There is a strong connection between Omanis and the sea. It is no coincidence that Oman bears the title of “the Sultanate of the Sea.”
The famous Sinbad character in the book “Thousand and One Nights” is inspired by the story of an Omani sailor from Sohar who, in 750 AD, made his first cruise to the Chinese city of Canton.
Oman’s relationship with the sea can be traced back to the third millennium BC, when Omani merchants carried goods overseas to all parts of the world. Oman’s strategic location has played a major role in many campaigns and regional conflicts in this region.
Oman overlooks the Arabian Sea, the Sea of Oman and the Arabian Gulf. It also controls the Strait of Hormuz, which is one of the most important facilities in the region, linking the Sea of Oman with the Arabian Gulf. The Strait of Hormuz is a gateway to all ships coming from the Indian Ocean and Arabian Sea.
People in Oman especially those who live near the shores refused to move away from the sea, spend most of their time in its turquoise blue waters, since it is also their main source of income relying heavily on the bounty of the waters.
This relationship has been explored through the collection of photographs displayed at the National Maritime Museum in Paris which recently launched ‘Oman and the Sea Exhibition.’
The Musée national de la Marine is located in the 16th arrondissement of Paris in the Palais de Chaillot, Trocadéro in France. It houses hundreds of models of small crafts indigenous to different locations of the French Empire including paintings and other naval installations providing a timeline of France’s proud naval history.
During the exhibition, navigation equipment, photographs and documents, which reflect the richness of Oman’s maritime heritage, which attracted many travelers, including the French Admiral Francois Edmond Paris, who visited Oman two centuries ago and without vital information about the design and construction of Omani ships, were on display.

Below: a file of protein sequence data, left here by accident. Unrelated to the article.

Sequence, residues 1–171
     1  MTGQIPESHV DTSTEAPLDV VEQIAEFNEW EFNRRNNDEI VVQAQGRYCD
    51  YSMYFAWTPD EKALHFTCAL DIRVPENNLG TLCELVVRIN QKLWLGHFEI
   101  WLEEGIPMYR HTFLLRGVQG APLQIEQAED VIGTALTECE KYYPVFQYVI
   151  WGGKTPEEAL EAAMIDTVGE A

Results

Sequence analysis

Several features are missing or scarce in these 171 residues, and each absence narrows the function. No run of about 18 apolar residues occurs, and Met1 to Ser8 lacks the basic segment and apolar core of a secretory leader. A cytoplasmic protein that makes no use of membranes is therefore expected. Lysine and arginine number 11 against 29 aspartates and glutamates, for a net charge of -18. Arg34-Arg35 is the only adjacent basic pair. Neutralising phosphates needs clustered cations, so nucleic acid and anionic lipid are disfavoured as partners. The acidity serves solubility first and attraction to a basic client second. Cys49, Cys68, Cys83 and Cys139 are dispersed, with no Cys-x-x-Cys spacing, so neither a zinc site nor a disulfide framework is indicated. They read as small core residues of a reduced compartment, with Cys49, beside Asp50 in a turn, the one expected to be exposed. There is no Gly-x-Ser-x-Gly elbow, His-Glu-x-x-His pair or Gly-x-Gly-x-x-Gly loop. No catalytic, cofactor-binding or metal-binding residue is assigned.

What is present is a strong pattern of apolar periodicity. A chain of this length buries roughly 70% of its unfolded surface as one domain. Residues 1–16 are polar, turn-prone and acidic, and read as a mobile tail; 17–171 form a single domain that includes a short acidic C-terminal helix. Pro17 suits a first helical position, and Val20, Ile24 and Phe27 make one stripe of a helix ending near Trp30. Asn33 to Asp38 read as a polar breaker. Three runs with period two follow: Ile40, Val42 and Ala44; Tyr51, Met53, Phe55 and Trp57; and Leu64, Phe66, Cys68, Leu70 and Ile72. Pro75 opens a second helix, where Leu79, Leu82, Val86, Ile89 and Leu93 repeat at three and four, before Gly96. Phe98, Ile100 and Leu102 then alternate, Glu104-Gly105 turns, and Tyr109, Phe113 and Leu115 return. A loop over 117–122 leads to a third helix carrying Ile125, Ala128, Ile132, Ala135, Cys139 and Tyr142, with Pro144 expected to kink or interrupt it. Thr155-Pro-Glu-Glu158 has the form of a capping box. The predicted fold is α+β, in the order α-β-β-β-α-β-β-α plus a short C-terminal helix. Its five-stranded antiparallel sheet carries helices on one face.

On one the corners of the museum’s hallowed halls are daily scenes from Oman — ranging from hard working fishermen engaged in different fishing activities to children frolicking in the country’s gentle waters.
The exhibition has demonstrated clearly how generations of Omanis passed down traditions and the love of the ocean to their children. It also showcased, despite the years of development and technology, the thriving old methods still being used by local fishermen.
Photographer Khamees Saleh al Fakri feels fortunate that several of his works became part of the exhibition.
He agrees that since many Omanis live near the sea, a lot of them also has this ingrained mentality that they belong to the sea and therefore it is important for their children to learn how to live with the sea.
Al Fakri shared that for most of these fishermen, they have a romantic relationship with the ocean, scenes which he tried to capture on photographs.
“I’ve taken a series of photos of the fishermen at Almusenaa. It documented many aspects of their daily life. It showcased how they wake up, start their day, go fishing and come back home. These are regular people doing daily chores but it showed how they are passionate about the sea and the marine life that they get to enjoy,” he said.
The Oman and the Sea exhibition serves as an invitation to the French people to travel to the Sultanate, and guided by the items on display come to the country and see for themselves the strong relationship between Omanis and the waters that surround them.
SIHAM AL SAIDI